The graph is from this article in the Economist magazine, which asks the question of why professional paths to the top vary so much, but unfortunately only mentions South Korea when it says…

Countries often have marked peculiarities. Egypt likes academics; South Korea, civil servants; Brazil, doctors (see chart 2). Some emerging-market countries are bedeviled by large numbers of criminals, even if this doesn’t usually show up in their ‘Who’s Who’ records.

…yet is no less fascinating for all that. If I reluctantly confine my brief discussion to South Korea here though, then that predominance of civil servants among Korean politicians should be no surprise to anyone familiar with its Twentieth Century history (see here and here), and I’d expect to find much the same in other postwar “developmental states” also, particularly Japan that is their model and the former colonial power of most.

But of course their importance goes back much further than that (see here), as indeed it does in China, which has historically provided Korea with many governmental and political models to emulate. Hence the Economist is quite correct in painting Chinese Communist Party officials with (literally) the same brush also, for despite their modern ideological labels they are in many senses merely performing what are really quite timeless roles.

Other than that, I confess to being surprised at the number of politicians with military backgrounds, even though I’ve written a great deal about the pervasiveness of military culture in Korean daily life. One shouldn’t make too many generalizations from so little information though, and so I’d hesitate to make any links between the low numbers of politicians that were formerly lawyers and Korean legal culture also, although I’m certainly tempted!

(For more posts in the “Korean Sociological Image” series, see here)

Korean Gender Reader

White Kim Hye-su Missha1. Number of Women Suffering Osteoporotic Fracture Increasing

So short that I may as well give the entire article:

Around 200 out of 100,000 Korean women are suffering from osteoporotic fracture, more than a four-fold increase over the past decade. The estimated annual socio-economic losses from such fractures are around W1.05 trillion (US$1=W1,275).

According to a 2007 survey by the U.S. National Institute of Health, the number of female osteoporotic fracture patients was seven times more than that of breast cancer patients, 2.5 times more than stroke patients, and 1.4 times more than heart attack patients.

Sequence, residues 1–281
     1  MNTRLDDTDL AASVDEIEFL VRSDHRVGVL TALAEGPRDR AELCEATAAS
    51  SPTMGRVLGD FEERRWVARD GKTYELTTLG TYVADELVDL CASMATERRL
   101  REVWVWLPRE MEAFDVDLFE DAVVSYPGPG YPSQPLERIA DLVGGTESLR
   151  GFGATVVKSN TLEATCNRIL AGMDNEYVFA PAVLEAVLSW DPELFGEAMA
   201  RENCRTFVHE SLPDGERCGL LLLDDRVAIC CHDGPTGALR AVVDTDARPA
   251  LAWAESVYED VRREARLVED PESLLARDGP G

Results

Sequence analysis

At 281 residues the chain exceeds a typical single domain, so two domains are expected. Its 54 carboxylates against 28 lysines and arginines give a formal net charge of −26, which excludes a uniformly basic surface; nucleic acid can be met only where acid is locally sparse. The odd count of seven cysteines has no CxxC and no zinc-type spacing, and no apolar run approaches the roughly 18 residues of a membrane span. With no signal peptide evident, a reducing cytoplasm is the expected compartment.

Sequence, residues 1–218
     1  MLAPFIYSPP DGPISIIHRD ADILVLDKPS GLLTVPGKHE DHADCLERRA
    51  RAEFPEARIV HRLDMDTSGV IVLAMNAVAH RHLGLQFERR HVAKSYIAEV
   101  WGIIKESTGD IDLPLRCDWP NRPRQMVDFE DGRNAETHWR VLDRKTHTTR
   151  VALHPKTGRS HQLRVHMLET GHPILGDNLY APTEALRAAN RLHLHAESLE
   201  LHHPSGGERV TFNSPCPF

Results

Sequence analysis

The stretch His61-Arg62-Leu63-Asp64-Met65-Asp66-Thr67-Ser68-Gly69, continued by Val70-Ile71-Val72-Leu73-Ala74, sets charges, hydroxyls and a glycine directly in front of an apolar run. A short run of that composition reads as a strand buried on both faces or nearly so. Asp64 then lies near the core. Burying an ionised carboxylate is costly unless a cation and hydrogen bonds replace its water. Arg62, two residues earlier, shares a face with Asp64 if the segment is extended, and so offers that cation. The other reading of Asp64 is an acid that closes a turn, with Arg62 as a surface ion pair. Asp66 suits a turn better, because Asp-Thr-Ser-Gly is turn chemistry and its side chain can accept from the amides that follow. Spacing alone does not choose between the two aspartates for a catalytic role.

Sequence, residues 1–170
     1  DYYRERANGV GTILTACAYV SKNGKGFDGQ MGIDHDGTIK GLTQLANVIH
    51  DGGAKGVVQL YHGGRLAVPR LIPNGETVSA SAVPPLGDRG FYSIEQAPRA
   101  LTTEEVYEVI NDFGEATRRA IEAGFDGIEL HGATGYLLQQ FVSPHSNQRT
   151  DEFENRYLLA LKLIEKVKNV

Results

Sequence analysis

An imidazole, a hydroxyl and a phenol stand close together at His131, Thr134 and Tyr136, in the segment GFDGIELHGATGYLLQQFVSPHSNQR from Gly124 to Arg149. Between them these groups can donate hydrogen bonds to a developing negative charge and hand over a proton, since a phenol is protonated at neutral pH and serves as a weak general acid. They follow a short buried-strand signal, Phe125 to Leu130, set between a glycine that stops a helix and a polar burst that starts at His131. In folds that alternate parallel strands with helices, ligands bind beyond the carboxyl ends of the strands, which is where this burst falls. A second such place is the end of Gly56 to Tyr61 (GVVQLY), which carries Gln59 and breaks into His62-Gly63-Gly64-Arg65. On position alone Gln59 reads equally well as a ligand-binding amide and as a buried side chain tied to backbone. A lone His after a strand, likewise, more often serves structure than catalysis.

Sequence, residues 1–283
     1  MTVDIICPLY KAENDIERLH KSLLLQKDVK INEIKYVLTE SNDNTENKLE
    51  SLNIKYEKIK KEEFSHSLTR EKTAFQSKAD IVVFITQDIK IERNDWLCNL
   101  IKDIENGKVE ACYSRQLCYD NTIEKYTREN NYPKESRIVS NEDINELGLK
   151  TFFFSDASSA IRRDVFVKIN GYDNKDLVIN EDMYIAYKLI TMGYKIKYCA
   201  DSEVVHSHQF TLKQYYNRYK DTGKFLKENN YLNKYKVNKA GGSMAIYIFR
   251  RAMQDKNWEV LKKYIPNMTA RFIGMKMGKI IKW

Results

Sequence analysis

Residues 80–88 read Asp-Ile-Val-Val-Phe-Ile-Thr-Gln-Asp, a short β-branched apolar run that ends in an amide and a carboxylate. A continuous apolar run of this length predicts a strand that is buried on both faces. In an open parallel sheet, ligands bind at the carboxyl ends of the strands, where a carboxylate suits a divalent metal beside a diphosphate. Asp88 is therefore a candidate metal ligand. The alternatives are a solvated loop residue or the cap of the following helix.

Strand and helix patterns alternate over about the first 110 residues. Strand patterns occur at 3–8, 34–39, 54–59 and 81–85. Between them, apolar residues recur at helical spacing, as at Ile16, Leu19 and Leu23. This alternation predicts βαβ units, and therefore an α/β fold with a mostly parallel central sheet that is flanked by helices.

Moon Sung-hwan, an orthopedist at Severance Hospital, said, “According to the World Health Organization, one in four women suffers a fracture in her lifetime. The rate increases to over 33 percent among those in their 60s or 70s, and 50 percent among those aged 80 or over.” Hip-joint fractures are particularly dangerous, since approximately 30 percent of patients die within two years.

I accept that a host of factors may be responsible for the dramatic increase, but as I make clear here, here, and here, Korean women go to great lengths to avoid the sun for the sake of light skins (to the extent that they now have among the lowest Vitamin D levels in the world). Moreover, as Korean women’s disposable incomes have gone up over the last few decades then so too has the range of whitening creams, lotions, and pills and so forth available to them, one of the most recent of which is that in this recent advertisement with Kim Hye-su (김혜수) for Korean cosmetics company Missha (미샤) above (source). It is not illogical to suppose that with greater spending on such items comes even greater care and attention to avoiding the sun, hence a drop in Vitamin D levels, and in turn a greater risk of osteoporotic fracture.

Naturally, that would be more young women than the middle-aged and older women most at risk, so there is an unresolved issue of timing with the recent increase. Alternative explanations?

2. South Korea Ranks Low In Terms Of Its Mothers’ Quality Of Life